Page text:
Saturday, February 4, 2023

Is The Growing China - Russia Alliance A Problem For The U.S.?

Russian President Vladimir Putin and Chinese President Xi Jinping © Alexei Druzhinin/Russian Presidential Press and Information Office/TASS  

CNN: China and Russia are as close as ever, and that’s a problem for the US 

 Hong Kong CNN — When Antony Blinken makes an expected trip to Beijing in the coming days for what would be the first visit to China by a US secretary of state since 2018, he will be cutting a stark contrast to the scene in the Chinese capital one year earlier. 

Then, Chinese leader Xi Jinping welcomed Russian President Vladimir Putin for the opening of the Beijing Olympics – meeting for talks and dinner in Putin’s honor, and declaring a “no limits” partnership between the two neighbors.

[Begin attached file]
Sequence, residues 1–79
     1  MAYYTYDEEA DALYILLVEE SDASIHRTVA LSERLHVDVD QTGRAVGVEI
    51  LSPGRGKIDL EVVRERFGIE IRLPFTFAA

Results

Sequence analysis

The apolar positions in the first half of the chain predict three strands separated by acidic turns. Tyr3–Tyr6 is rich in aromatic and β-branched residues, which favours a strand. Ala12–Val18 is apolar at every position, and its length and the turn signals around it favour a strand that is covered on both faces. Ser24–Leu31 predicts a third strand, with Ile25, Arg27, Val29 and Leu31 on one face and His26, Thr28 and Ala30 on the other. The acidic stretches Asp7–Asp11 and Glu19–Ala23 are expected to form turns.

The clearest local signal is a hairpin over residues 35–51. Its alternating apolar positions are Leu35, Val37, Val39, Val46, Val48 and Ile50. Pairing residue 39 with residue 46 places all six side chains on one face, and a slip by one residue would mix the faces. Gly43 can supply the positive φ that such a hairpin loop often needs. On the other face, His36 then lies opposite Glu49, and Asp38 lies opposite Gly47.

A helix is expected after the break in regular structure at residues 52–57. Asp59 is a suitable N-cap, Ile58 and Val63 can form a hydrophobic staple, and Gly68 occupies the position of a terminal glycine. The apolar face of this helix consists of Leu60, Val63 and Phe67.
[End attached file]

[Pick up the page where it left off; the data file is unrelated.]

Weeks later, as Russian tanks rolled across the border into Ukraine starting an invasion that would devastate the country and cause a humanitarian crisis, Chinese leaders did not shrink from that declaration. 

Though Beijing claimed impartiality in the conflict and no advance knowledge of Russia’s intent, it also refused to condemn Moscow. Instead, it parroted Kremlin lines blaming NATO for provoking the conflict – further fracturing relationships with both Europe and the US.  

Read more .... 

WNU Editor: As long as I can remember a cornerstone of US foreign policy was to make sure that Russia and China never developed close ties, and to exploit the differences between the two. 

That was then. 

Today I see little if any differences between Russia and China, and a lot of common ground. The common ground is economic, security, and little if any trust of the U.S. and its allies. I expect this "alliance" to continue to grow, and it will grow with other like-minded countries trough BRICS.


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